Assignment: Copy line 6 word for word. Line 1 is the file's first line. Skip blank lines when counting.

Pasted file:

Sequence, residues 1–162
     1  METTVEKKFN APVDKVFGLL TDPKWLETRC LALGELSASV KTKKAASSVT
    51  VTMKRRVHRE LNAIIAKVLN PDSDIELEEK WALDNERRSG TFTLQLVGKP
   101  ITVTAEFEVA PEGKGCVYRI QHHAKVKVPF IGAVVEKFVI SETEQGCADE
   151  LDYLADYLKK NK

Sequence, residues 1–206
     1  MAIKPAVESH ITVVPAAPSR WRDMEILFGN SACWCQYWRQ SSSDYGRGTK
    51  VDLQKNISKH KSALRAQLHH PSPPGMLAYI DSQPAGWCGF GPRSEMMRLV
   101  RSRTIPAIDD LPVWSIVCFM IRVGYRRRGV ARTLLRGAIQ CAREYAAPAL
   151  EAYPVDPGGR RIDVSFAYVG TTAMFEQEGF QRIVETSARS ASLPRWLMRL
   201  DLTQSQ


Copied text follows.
Sequence, residues 1–206